Constable: Olympic abuses definitely not part of Elgin gymnastics academy's experience
As another Olympics draws to a close, we not only marvel at the amazing talents of the USA Gymnastics women's team, but we hear their pain. Considered the greatest gymnast of all time, Simone Biles withdrew from some of the competition citing mental health issues and said her tears were "because of everything I've been through."
Biles and at least 150 other female gymnasts have spoken about the sexual assaults that team doctor Larry Nassar perpetrated for two decades, earning him a 175-year prison sentence. But there were more issues.
"Gymnasts spoke out, not just about sex abuse, but also about other forms of trauma that the sport had inflicted on them: psychologically abusive coaches who demeaned them at every turn and forced them to train while injured; officials who commented on their weight, leading them down the path to eating disorders; and institutions that knew enough to intervene but ignored the problem," reported the website FiveThirtyEight.
"American Gymnastics Tries to Execute a Dramatic Shift in Coaching of Young Athletes," read a headline in The Wall Street Journal. "Abuse allegations and criminal charges have recast what was once considered tough but necessary gymnast training."
Yet, in Elgin, the sound coming from the balance beams at Midwest Elite Gymnastics Academy isn't sobbing from a victimized gymnast or yelling from an overly demanding coach. It's laughter and cheering. MEGA President Bill Williamson, who owns the facility with former Schaumburg state champion gymnast Steve Merena, says to not even watch the girl attempting a cartwheel on the narrow beam.
"The more interesting thing is to see what her teammates are doing," Williamson says as the girl's teammates let everyone know she landed the maneuver. "They are cheering like crazy. They know what it takes to get there."
For the far more than 99.9% of female gymnasts nationwide who didn't compete in the Olympics this month, the focus isn't on gold, silver or bronze.
"Most of the kids do it because they love the sport. It's a lot of fun," says Williamson, who was a basketball player during his days at Barrington High School but now loves gymnastics. "A lot of people think this is an oppressive environment. But more and more clubs are getting away from that. We started our business with the idea it could be different."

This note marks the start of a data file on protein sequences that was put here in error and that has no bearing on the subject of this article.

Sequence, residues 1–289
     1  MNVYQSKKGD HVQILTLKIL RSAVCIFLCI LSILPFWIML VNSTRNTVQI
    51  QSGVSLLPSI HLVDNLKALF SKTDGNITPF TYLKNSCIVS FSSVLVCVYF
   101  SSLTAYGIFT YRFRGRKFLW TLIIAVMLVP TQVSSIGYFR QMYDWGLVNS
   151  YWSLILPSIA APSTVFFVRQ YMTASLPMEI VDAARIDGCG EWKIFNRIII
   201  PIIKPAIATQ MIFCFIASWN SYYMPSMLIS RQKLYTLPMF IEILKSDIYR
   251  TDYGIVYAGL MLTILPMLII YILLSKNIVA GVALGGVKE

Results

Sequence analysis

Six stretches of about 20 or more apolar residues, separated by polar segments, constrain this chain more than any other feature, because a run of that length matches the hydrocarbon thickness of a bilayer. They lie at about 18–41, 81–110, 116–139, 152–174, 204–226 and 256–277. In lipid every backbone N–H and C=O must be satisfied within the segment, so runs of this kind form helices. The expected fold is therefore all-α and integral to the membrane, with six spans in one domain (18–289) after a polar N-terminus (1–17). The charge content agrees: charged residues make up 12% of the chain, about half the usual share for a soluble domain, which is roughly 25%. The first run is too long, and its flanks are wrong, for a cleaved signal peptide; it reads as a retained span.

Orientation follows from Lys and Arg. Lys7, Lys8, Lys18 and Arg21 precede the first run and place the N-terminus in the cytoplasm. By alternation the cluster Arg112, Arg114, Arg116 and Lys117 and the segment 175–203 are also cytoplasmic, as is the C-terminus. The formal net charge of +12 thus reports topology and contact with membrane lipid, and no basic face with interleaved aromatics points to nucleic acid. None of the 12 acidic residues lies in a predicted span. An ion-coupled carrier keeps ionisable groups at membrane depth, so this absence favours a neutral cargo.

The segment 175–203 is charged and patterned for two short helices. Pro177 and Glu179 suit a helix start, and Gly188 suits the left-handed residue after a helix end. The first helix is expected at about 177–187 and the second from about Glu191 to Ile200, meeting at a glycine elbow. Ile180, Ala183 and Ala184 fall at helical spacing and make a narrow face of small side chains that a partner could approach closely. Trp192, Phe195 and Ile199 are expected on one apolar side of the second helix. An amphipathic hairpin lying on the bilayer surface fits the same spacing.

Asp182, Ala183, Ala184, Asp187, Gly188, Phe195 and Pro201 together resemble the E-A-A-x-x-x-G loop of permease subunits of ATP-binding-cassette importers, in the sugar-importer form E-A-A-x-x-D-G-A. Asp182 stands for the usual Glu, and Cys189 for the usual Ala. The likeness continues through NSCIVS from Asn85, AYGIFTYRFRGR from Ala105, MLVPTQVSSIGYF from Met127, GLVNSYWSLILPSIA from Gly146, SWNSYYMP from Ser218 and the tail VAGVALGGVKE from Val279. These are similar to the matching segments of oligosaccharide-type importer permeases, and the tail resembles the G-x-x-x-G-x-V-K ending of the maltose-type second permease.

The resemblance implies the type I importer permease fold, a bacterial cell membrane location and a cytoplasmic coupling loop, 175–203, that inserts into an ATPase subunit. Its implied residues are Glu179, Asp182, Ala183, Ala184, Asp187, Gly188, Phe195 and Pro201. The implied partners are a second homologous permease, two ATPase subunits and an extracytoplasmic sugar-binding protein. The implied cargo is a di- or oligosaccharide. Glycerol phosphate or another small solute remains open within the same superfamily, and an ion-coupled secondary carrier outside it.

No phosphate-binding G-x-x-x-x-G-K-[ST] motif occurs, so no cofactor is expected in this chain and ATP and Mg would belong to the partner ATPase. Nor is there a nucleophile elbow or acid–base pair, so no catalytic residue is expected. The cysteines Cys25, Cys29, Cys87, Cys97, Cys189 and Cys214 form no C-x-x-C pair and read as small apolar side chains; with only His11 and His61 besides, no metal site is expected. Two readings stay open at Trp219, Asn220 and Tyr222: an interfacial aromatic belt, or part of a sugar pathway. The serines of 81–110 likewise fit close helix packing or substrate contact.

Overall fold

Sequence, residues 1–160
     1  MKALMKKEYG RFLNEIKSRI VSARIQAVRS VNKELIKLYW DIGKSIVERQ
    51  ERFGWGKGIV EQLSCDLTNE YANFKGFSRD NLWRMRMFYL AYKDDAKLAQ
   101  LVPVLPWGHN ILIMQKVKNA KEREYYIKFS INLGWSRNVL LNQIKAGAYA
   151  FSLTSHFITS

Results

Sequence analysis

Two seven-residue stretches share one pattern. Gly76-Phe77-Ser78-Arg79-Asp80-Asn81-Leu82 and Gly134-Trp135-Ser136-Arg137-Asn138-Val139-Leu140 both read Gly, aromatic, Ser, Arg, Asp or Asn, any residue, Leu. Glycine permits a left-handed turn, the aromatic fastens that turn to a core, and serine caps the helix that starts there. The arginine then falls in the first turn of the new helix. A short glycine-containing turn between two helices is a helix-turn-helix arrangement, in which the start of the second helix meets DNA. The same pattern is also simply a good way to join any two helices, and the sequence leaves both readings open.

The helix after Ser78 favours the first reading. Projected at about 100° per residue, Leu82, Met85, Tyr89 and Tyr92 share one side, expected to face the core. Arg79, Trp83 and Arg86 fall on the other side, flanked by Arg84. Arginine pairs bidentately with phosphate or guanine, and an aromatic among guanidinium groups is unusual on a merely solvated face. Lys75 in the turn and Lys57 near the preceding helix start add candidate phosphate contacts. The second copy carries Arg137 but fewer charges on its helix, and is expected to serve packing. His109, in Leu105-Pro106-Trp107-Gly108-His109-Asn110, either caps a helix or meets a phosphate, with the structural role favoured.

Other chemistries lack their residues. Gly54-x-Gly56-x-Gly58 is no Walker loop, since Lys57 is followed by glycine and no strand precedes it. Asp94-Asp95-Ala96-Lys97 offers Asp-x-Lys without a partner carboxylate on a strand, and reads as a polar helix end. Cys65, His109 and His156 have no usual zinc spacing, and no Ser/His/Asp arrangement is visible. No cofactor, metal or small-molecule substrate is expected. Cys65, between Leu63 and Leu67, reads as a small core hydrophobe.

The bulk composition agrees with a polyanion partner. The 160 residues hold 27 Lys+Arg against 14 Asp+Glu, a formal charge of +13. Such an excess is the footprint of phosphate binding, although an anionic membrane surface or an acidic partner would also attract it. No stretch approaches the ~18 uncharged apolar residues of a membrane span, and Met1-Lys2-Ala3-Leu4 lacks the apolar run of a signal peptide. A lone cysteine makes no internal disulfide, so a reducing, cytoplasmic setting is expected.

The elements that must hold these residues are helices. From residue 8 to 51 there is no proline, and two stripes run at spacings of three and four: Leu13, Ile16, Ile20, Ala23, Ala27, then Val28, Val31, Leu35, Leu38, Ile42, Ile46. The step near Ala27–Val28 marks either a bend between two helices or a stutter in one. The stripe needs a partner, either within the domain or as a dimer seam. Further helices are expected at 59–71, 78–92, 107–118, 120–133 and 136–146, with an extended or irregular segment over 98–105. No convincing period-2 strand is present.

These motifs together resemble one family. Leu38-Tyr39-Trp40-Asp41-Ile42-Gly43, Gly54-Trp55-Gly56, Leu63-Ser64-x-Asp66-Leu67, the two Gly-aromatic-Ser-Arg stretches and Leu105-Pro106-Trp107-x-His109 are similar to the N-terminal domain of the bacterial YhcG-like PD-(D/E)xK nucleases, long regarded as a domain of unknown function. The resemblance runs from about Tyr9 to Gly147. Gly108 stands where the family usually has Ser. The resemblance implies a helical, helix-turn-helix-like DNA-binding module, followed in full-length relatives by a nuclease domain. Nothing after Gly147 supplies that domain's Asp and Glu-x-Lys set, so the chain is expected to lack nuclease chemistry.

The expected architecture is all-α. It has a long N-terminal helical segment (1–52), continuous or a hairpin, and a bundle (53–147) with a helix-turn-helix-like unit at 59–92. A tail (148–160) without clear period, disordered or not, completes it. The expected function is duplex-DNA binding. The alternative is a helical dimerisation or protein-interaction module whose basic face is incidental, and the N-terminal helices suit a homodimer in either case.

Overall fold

MEGA does feature elite coaches, dozens of competition banners hanging from the rafters, and a competitive program with about 120 athletes who have gymnastics aspirations.
"We had four girls who graduated this year all on full rides to college," Williamson says, noting that about 95% of MEGA's athletes are female. "That's so much harder than people realize. A lot of those girls started when they were 5."
One of them, Madison Steskal of Elgin, headed to George Washington University in Washington on a gymnastics scholarship and scoffs at the idea gymnastics creates a caustic environment.
"It's so the opposite. We all build each other up. I think it's a really cool environment," says Steskal, who has overcome several injuries. "I grew up here. Everything I've experienced has taught me so much and will help me in life. It's something I do. It's not who I am."
Reading news stories about the issues revealed by Biles and the seemingly endless stories of physical and emotional abuse in the gymnastic world is "frustrating," says MEGA girls head coach Roger Pasek, 32, who won 22 state medals and was a national champion at Dundee-Crown High School before becoming an All-American gymnast at the University of Illinois. "That's not our sport. That's not what we do."
He did compete in one elite competition, "and it wasn't very fun," Pasek remembers.
"The main thing is they have to enjoy the sport," Pasek says. "If they are having fun, everyone performs better."
After getting a hug from a gymnast who now competes for The Ohio State University and stopped by MEGA for a visit, coach Kristen Traversa, 33, turns her attention to the girls on the balance beams.
"We pride ourselves on teamwork and building each other up," Traversa says.
Boasting an enrollment of more than 900 kids before COVID-19 cut into those numbers, MEGA has programs for children as young as 18 months, toddlers, grade-school students, preteens and teens, who get coaching about something more than winning medals.
"Gymnastic coaches are movement education professionals," Williamson says, noting his stable of about two dozen coaches teaches kids skills they can use in other sports and beyond. "They learn how to listen, follow instructions and do it in a safe environment. Because, let's face it, before they come here every home is a gymnastics club."
Just as most kids with a passion won't grow up to play in a World Series, be first-chair violinist with the Chicago Symphony Orchestra, or win Tony Awards on Broadway, young gymnasts find joy simply by participating.
"A lot of them got into it because of watching the Olympics," Traversa says. "But they do it because they love their teammates and the challenges of learning new things."